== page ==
I saw Jeffrey & Jack Lewis a few months ago opening up for Danielson at North Six in Brooklyn. I thought that lead singer Jeffrey was incredibly entertaining. He sang narrative songs as he flipped through a large comic book like a grade school teacher. The band instantly reminded me of The Violent Femmes because of Jeffrey Lewis’ relaxed, stoner-like voice like that of Gordon Gano. Lewis also uses his acoustic guitar like an electric guitar, which is always something that I have associated with Gano. The Violent Femmes play so freakin much around Chicago and Milwaukee, it’s hard for me not think of them from time to time.
Jeffrey was not only selling his albums, but comic books he had drawn. I really enjoyed the show while I saw it, but didn’t think about Jeffrey & Jack Lewis until Senior DuFour sent me their album, City & Eastern Songs. I didn’t put it together right away that I had seen this band live before, but as I listened to Jeffrey Lewis’ voice on record more and more, I put 2 and 2 together. I’m so smart.
Both me and my friend Brie agreed that the band sounded like The Femmes live and after listening to City & Eastern Songs with her last night, we both agreed that it was undeniable to compare Jeffrey & Jack Lewis to The Moldy Peaches. I really enjoyed The Moldy Peaches as a novelty record, but I do not consider this a novelty record. It’s funny, but not in a “Whose Got The Crack” kind of way that Adam Green and Kimya Dawson succeeded with. Jeffrey Lewis’ lyrics are thoughtful, self-questioning, and narrative. They’re childish and grown up at the same time. He’s very much from Brooklyn and writes very literally about his experiences around his Williamsburg life. You feel like he’s telling you stories on his couch as your passing around a bong.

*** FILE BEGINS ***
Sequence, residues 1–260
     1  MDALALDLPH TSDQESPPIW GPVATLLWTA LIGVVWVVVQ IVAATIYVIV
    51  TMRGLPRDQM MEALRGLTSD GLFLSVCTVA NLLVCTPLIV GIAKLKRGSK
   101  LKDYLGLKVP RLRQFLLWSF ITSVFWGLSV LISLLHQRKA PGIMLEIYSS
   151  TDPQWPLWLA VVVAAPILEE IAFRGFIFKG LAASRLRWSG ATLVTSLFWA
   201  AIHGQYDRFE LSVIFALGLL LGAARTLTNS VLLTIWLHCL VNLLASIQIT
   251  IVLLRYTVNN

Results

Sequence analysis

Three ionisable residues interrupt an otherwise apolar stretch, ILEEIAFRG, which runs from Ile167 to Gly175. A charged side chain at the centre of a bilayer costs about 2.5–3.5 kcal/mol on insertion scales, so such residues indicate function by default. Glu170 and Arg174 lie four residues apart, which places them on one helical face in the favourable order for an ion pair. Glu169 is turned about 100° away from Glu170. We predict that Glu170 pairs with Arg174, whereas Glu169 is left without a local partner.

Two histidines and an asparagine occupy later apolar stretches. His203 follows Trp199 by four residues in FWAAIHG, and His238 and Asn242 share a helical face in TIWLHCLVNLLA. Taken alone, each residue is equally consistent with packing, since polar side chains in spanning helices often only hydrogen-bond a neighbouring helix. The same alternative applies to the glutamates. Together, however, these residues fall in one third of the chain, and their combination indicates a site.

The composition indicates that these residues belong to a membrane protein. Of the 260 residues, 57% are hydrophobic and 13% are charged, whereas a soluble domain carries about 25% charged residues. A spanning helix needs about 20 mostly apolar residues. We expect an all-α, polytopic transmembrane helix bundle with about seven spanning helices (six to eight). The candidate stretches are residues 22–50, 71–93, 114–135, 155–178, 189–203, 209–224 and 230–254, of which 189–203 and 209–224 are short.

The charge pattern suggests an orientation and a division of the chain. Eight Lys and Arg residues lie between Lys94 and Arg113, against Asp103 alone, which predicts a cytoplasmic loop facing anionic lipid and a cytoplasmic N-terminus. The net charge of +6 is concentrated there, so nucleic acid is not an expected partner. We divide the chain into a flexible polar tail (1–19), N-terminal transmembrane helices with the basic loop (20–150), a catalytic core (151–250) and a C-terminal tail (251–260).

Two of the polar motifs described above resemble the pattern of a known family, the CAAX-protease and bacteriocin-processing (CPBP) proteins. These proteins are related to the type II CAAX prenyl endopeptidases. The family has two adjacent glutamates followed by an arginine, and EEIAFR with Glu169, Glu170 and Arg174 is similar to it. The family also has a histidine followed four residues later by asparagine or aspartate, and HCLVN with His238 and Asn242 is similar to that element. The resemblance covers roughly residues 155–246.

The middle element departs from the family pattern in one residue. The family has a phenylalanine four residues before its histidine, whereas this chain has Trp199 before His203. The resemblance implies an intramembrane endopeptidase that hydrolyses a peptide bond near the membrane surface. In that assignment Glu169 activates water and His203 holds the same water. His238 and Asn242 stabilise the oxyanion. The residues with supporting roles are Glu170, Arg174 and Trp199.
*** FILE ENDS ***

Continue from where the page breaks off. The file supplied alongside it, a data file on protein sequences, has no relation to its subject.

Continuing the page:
I think that the band succeeds here more in their acoustic songs. Their electric songs lose the vulnerability and intimacy that the acoustic ones possess. The vulnerability and intimacy of Jeffrey Lewis’ voice is what makes his songs so great and believable. “Williamsburg Will Oldham Horror” has got to be one of the funniest, most introspective, and well thought out songs I’ve heard in quite some time. The song is about seeing Will Oldham on the L train and thinking about the pros and cons of indie rock stardom. It’s about a lot of other things than that, but the six minute song is a constant stream of consciousness that must have taken Jeffrey Lewis many takes to get right. He talks a mile a minute and doesn’t seem to get a breath of air. I highly highly recommend listening to this song. It’s absolutely fantastic and is undeniably the extreme highlight of the record.
Another highlight of the record is “Don’t Be Upset.” The song is about, among other things, a trip to the Aquarium where his “baby” gets scared of seeing the octopus. Lewis is so sincere that it’s hard not to love him. He’s so critical of himself in such an honest and interesting way that doesn’t seem too prevalent in music today. It’s a completely endearing quality that makes the record extremely enjoyable.